Table of Contents:
- What Is Laser Eye Surgery?
- How Does It Work?
- How Is Laser Eye Surgery Performed?
- How Does Laser Eye Surgery Work?
- How To Take Care Of Yourself At Home?
- What Are The Long-Term Prospects For Laser Eye Surgery?
There has been a substantial advancement in laser eye surgery procedures, boosted by the development of equipment like the femtosecond and excimer lasers.
What Is Laser Eye Surgery?
Procedures that use a laser to reshape the cornea are called laser corneal sculpting. Astigmatism (uneven curvature of the eye’s surface) is one of the conditions that can be improved or corrected by this procedure. Laser sculpting has been around for more than 30 years.
When we look into someone’s eyes, we see the cornea, the clear structure in the front of the eye. The cornea is the first of two focusing systems in the eye, allowing light to enter the eye.
In addition, there’s a transparent crystalline lens that sits on top of it all. Computer-controlled excimer lasers remove microscopic amounts of corneal tissue during laser eye surgery. The goal is to eliminate the need for corrective lenses like glasses or contacts to restore normal vision.
How Does It Work?
When the eye’s focus system (the cornea and lens) does not match the eyeball’s axial length, it is known as a refractive error or ametropia. The retina at the back of the eyeball is what humans experience as clear vision when the light goes through the cornea and lens of the eye and is refracted to a sharp point.
A refractive error is defined as a fuzzy vision in the eyes when light focuses either before the retina, behind the retina, or at two different places surrounding the retina (as in astigmatism), and the patient is regarded to have a refractive error. Spectacles and contact lenses are recommended to refocus the light entering the eye to reach a clear spot on the retina.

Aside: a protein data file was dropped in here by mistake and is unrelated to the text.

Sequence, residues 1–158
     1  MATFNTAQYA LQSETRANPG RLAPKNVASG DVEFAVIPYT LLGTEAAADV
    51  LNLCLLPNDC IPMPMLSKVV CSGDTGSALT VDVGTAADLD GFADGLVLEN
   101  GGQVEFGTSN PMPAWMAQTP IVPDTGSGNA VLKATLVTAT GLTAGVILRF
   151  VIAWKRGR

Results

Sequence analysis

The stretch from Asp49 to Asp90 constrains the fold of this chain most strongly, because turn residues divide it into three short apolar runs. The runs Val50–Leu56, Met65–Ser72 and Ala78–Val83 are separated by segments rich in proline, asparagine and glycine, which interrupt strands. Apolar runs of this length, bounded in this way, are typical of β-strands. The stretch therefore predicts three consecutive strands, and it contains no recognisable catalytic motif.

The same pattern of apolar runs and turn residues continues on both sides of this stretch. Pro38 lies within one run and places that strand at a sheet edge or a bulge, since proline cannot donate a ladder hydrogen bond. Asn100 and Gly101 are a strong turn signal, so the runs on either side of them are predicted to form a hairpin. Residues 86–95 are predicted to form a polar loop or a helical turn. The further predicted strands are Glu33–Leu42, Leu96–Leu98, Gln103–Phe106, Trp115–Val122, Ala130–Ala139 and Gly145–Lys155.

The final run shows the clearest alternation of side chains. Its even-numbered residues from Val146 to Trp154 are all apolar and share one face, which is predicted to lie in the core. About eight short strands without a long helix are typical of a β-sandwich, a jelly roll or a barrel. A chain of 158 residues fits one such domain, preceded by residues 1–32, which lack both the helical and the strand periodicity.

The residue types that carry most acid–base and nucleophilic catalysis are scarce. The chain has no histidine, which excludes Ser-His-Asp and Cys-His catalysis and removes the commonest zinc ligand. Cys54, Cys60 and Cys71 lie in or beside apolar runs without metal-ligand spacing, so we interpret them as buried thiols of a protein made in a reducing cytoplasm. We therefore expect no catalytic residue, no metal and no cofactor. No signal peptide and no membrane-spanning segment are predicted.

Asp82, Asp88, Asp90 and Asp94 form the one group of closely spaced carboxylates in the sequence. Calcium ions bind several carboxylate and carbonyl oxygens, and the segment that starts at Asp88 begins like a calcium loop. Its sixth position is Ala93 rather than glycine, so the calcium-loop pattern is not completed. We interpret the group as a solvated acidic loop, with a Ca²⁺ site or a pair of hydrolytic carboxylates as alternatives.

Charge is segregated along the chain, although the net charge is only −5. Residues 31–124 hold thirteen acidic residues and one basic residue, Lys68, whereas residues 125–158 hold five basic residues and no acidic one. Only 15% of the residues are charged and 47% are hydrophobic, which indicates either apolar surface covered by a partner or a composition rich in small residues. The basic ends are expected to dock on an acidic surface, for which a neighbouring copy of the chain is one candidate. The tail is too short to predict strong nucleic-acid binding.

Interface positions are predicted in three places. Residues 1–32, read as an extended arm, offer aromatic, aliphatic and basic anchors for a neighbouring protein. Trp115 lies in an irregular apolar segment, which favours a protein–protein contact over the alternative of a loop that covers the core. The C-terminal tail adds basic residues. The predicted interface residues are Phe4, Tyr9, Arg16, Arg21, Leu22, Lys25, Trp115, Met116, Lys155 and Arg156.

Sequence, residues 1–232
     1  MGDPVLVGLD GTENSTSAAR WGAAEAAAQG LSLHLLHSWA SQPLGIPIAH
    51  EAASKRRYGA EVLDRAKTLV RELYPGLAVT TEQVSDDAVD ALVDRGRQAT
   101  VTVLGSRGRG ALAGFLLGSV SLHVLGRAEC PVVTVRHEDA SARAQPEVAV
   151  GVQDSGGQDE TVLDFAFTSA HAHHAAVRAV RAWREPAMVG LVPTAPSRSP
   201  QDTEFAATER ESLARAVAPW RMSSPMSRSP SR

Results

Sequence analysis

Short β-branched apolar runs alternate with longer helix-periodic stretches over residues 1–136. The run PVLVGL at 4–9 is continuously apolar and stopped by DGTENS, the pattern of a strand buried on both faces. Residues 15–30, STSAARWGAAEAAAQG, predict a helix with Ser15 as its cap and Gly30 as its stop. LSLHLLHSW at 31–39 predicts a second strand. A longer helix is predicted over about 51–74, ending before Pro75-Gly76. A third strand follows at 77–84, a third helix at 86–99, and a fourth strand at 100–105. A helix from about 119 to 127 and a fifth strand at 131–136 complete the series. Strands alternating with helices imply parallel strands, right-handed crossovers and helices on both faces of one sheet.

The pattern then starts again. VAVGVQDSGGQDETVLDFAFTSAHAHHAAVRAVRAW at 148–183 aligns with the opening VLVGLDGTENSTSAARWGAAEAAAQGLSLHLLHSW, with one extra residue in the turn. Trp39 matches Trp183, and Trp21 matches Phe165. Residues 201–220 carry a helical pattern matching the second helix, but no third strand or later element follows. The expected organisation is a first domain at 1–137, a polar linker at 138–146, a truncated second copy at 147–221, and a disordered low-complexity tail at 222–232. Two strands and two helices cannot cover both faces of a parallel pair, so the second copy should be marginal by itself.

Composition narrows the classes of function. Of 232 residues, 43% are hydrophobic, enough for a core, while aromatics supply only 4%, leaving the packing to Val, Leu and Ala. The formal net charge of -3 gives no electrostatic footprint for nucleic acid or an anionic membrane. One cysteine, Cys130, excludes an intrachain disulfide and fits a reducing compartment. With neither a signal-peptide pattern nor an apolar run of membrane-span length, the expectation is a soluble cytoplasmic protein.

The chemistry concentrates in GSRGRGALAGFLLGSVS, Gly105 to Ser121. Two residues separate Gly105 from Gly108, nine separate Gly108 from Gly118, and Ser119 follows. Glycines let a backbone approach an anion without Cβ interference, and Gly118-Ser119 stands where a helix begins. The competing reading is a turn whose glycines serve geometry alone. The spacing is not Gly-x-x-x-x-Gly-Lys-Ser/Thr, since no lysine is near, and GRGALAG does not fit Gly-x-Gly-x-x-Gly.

Although these optical aids have significant downsides, such as long-term expenditures, aesthetic concerns, and even some eye health hazards, they are still an excellent option for many people who have difficulty seeing. Laser eye surgery may be an attractive alternative for those who want to avoid the hassle of wearing glasses and contacts.
How Is Laser Eye Surgery Performed?
By reshaping the cornea, laser eye surgery (Visual Aids Centre) seeks to alter the eye’s focusing capability surgically. The Refractive power of the lens within the eye, as well as corneal happiness, contributes to light refraction in the eye.
The precise details of how laser eye surgery works will depend on the exact method used. The laser eye surgery options are constantly expanding, enabling more and more patients to benefit from laser vision correction when they would have previously been judged ineligible a decade ago.
Though it was one of the first strategies, PRK is still a helpful technique today. The epithelium, the outermost layer of corneal cells, must be destroyed before the excimer laser can reshape the stroma, the innermost layer of the cornea. The cornea’s epithelium is removed with either an alcohol solution or a hand-held device, and the corneal stroma is then exposed.